Tuberculosis: Symptoms, Diagnosis and Treatment

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Tuberculosis (TB) is one of the deadliest infectious diseases worldwide which is caused by bacteria. It usually infects the lungs but it can affect any organ of your body like the brain, bone, liver, or anything. The disease is airborne as bacteria get transferred from one person to another through the air causing symptoms like a cough, night sweats, fever, etc. It can affect any age group but young adults acquire this infection more easily. According to the World Health Organization, every year 9 million people acquire TB infection and according to one of their reports, about 1.8 million people died from this disease in 2015.

Types of TB infection

 There are two forms of TB infection as determined on the basis of the activity of bacteria and symptoms.

  • Active TB infection: The patient is symptomatically active as the bacteria are active and the patient has the potential to spread the infection to others.
  • Latent TB infection:  The bacteria are said to be latent means they are inactive and the person neither shows any symptoms nor he can transmit the infection to others. But it has the potential to become active on its own. Studies show that there are 10 % chance of a latent TB infection to become active and immunocompromised people have an even greater chance.

Symptoms of Active TB infection

The symptoms when TB affects the lungs are as follows

  • Fever
  • Prolonged coughing- blood can be present in the worst cases
  • Appreciable loss of weight
  • Decrease in appetite
  • Night sweats
  • Chills
  • Fatigue

Diagnosis of Tuberculosis 

The physician will take your history of symptoms and order some tests to confirm the diagnosis-

  • Physical examination: The physician will listen to your lungs sounds and would check for swollen lymph nodes (lymph nodes are not appreciable in a healthy person). Swollen lymph nodes indicate that some active inflammation is somewhere near it.
  • PPD tuberculin test: A component of TB bacteria is injected into the skin and looked for redness and hardness. This test will only tell you the presence of infection, it will not exactly differentiate between active and latent TB.
  • Sputum culture: A sputum sample of the patient is sent to a microbiology laboratory to check the presence of TB bacteria and also to determine which drugs are sensitive against it.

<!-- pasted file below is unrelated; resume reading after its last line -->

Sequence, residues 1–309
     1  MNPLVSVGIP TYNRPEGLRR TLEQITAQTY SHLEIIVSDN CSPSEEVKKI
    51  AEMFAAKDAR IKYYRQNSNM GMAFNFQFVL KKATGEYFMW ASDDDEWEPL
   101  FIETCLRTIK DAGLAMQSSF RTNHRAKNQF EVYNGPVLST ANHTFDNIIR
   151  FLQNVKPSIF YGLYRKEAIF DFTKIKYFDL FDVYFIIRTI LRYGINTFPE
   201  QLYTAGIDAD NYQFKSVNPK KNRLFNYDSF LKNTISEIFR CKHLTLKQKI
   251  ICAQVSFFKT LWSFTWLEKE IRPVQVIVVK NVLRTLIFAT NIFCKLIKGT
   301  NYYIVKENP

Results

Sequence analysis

• Chest X-ray: If the person has a TB infection, then x-ray might show some opaqueness which indicates the site of infection

Treatment of Tuberculosis

In most of cases, TB is cured only when the right type of medication is given for the right period of time.

Therefore, the type of drug therapy and duration for the treatment depends upon

  • Person age, weight, health
  • Site of TB infection (lungs, brain, bone, kidneys, etc.)
  • The resistance of TB bacteria to different drugs

DOT (directly observed therapy) is a program under which a healthcare worker ensures that the drugs course is strictly followed by the patient because in general patients stop taking medicine as soon as symptoms disappear but later the remaining bacteria causes more severe and multidrug resistance infection

Adverse effects of Anti-tubercular drugs

These drugs have a lot of tolerable side effects but some people develop some adverse effects which are life-threatening and should immediately to be reported to the physician-

  • Jaundice  As these drugs are toxic to the liver.
  • Dark-colored urine
  • Loss of appetite even if the patient is continuously taking prescribed medications.

Prevention of Tuberculosis

TB has a high prevalence rate worldwide because these prevention measures are not strictly followed by public and hospital administrations-

  • The infected patient must use the mask so that he transmits less of his bacteria to others
  • The room of TB patient must be isolated and the vent supply of the room must be separated from other rooms.
  • TB vaccine– in some highly prevalent countries like India TB vaccine is given to children but its efficacy is not 100%.

Complications of Tuberculosis

Without treatment, TB can become fatal. It can spread through blood from lungs to other organs like the brain, bone, kidney, liver where it shows up as-

  • Brain – It causes inflammation of meninges (coverings of brain) causing a headache.
  • Bone – It causes the destruction of bone resulting in pain
  • Liver and kidney damage
  • Heart-related complications.